The next morning, we checked out of the Andong hotel but it wasn’t the end of our exploration of the city. In fact, we got to spend another full day there before proceeding southwards.
Another must-visit site in Andong must be Dosanseowon Confucian Academy 도산서원, established as far back as 1574 and was built by scholars to commemorate the memory of late Yi Hwang, a great Confucian scholar of his time. In fact, he is important enough to grace the face of South Korea’s 1,000₩ currency, so go figure.
The path to the academy was so picturesque our group took a long while to clear it although we could easily walked through it in five minutes. You see, we were very taken by the crimson red maple leaves that we saw along the way and simply couldn’t resist the temptation of taking hundreds of pictures on our mobile phones that turned out looking the same anyway. Yours truly is guilty as charged.:D
My party of four decided to forge ahead anyway (we did it so often during the trip we might as well be called the ‘advance party’) and got to see Dosanseowon with our own eyes first. The trees within the confucian academy, dressed in their full autumn splendour, were simply too beautiful for words. Such a treat for our eyes!
While we waited for the rest of the group to catch up with us, we managed to have the whole academy to ourselves, and took the opportunity to take many pictures. In particular, the above picture brought back some fond memories. What really started out as a funny idea I had about how the four of us should photograph ourselves at the entrance of the academy morphed into a mini party of sorts when our two teachers and another tour mate joined us. It turned out quite well, to be honest.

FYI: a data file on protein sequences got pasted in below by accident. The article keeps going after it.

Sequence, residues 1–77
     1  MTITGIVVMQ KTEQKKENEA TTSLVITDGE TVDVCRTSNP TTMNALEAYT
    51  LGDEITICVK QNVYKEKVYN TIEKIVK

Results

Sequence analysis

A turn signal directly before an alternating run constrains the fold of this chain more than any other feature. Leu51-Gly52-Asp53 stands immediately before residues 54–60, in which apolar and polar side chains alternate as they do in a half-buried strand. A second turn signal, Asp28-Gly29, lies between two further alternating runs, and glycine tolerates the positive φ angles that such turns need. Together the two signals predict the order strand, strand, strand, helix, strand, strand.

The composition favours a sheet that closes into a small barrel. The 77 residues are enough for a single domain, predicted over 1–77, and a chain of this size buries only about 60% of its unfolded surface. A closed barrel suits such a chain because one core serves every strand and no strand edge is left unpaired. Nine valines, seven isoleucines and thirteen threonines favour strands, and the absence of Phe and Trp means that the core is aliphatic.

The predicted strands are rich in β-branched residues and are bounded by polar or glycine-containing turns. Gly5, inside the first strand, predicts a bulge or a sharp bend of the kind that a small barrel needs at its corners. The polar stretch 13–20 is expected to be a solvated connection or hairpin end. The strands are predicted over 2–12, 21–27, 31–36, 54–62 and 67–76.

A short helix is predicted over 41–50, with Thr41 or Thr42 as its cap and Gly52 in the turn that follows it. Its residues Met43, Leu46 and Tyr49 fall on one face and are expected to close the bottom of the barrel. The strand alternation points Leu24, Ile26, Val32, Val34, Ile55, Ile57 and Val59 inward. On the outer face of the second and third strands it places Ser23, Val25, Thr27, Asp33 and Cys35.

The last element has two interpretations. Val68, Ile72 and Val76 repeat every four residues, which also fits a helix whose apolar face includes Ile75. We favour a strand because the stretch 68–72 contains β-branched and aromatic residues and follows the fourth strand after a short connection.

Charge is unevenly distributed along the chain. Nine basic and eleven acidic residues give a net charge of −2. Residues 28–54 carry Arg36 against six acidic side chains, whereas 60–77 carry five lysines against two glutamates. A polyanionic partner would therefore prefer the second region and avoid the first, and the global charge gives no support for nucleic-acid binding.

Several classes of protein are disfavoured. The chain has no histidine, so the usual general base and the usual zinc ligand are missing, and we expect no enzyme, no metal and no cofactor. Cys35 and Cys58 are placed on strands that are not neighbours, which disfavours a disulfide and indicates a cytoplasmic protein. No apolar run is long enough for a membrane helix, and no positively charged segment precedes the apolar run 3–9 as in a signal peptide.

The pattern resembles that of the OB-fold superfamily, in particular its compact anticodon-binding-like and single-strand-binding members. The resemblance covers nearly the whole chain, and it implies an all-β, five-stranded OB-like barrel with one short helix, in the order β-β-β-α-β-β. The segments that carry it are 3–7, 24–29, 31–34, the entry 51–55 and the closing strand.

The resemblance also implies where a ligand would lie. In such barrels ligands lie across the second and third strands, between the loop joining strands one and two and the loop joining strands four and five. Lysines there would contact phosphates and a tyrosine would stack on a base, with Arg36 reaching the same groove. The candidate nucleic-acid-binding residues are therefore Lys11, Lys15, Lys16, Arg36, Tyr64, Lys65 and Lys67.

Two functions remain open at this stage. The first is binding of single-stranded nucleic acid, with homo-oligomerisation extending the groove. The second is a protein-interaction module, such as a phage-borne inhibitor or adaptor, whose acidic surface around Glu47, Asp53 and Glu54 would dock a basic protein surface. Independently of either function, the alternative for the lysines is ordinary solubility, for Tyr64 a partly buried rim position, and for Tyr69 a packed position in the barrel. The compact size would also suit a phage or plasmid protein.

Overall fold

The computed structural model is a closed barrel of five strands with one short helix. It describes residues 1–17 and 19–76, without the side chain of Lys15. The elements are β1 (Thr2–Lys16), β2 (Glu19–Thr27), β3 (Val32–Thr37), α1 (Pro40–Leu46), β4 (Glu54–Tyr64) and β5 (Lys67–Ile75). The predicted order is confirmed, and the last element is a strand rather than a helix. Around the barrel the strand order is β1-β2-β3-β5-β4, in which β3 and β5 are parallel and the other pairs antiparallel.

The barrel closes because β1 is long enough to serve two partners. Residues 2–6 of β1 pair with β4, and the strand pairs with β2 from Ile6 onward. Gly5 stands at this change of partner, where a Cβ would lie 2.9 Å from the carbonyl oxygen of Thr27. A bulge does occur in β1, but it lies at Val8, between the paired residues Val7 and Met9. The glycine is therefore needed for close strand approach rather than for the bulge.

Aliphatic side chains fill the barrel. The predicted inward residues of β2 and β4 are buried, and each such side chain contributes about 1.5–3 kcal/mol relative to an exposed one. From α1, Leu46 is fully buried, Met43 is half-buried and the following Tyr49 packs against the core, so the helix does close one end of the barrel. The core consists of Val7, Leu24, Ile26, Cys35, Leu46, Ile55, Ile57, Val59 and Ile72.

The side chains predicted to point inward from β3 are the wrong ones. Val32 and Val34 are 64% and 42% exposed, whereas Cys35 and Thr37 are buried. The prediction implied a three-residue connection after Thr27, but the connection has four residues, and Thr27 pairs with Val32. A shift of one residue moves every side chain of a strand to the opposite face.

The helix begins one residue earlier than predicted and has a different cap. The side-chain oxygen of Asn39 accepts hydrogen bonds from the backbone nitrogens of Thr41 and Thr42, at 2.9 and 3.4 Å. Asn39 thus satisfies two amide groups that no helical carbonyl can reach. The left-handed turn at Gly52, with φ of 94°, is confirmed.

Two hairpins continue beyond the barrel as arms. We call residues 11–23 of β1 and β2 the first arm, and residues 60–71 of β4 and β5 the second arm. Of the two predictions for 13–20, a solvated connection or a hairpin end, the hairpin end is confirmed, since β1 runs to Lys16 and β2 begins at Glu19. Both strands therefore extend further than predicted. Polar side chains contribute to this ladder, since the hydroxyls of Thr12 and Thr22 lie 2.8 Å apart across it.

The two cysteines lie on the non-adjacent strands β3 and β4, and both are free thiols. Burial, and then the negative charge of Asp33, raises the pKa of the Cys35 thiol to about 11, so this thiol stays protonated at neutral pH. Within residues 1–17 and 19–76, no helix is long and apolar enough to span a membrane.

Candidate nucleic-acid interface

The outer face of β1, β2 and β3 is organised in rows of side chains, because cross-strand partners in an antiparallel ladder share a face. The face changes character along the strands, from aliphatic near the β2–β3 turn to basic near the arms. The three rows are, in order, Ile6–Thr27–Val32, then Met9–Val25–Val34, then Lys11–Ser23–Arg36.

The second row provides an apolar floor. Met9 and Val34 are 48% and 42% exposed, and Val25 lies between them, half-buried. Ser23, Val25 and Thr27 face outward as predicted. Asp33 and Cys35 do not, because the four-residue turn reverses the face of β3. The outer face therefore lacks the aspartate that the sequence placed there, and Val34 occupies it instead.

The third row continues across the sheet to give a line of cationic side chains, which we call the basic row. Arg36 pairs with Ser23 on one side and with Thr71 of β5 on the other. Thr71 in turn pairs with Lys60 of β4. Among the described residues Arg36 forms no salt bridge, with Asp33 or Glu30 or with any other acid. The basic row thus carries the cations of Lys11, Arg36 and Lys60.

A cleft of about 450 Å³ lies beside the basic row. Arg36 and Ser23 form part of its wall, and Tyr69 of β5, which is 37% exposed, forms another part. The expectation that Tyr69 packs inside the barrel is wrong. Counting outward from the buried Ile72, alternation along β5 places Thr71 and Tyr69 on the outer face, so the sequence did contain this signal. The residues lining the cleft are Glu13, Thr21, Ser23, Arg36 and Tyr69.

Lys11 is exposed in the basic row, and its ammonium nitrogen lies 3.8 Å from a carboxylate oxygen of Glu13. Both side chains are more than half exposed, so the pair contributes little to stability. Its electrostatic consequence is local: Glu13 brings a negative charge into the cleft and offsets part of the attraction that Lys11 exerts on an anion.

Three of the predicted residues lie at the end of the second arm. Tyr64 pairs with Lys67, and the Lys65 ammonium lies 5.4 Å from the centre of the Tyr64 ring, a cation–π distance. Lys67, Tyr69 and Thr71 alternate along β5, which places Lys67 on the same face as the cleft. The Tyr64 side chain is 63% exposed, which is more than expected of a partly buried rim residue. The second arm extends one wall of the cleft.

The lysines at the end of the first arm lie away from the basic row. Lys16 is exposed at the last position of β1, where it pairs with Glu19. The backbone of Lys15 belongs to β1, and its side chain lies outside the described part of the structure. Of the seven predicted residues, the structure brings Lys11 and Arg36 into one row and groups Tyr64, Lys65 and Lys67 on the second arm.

More pictures taken with my travel mates. This last one of us attempting to take a wefie is my absolute favourite – we had absolutely no idea the local tour guide was taking a picture of us then.
Apart from furiously snapping away, we did pay attention when our local guide was explaining important elements of the academy, including the daily habits of scholars who used to occupy this space. The scholars lived simply, spending most of their time studying classics or exchanging ideas, emulating Yi Hwang’s ideology of living modestly.
Many of the buildings already stood when Yi Hwang resided at the academy but several were added on after his death to accommodate more students. While the academy had long ceased its academic function, commemorative ceremonies are still held twice a year till this day. I wonder if these ceremonies are open for viewing to the general public; they must be quite a sight!
Apart from Salted Grilled Mackerel and Jjimdak, Andong is famous for yet another dish – Heotjesabap 헛제삿밥. It’s a variation of the world-famous traditional Bibimbap 비빔밥 that uses gochuchang 고추장 (red pepper paste). Instead Heotjesabap uses ganchang 간장 (soy sauce).
There is apparently a very interesting reason how this dish steeped in local tradition came to be about. Heotjesabap literally meant ‘fake Jesa meal’ (Jesa 제사 refers to meals offered to the dead ancestors during death anniversaries) and the name came about because this dish is actually consumed instead of being offered to the dead.
Not complaining, though. While tasting nothing like Bibimbap, I really loved the grilled fish that went with the rice. It was truly tasty! I’m sure every one in my travel group would agree with me, from the way everyone tucked in the moment they sat down.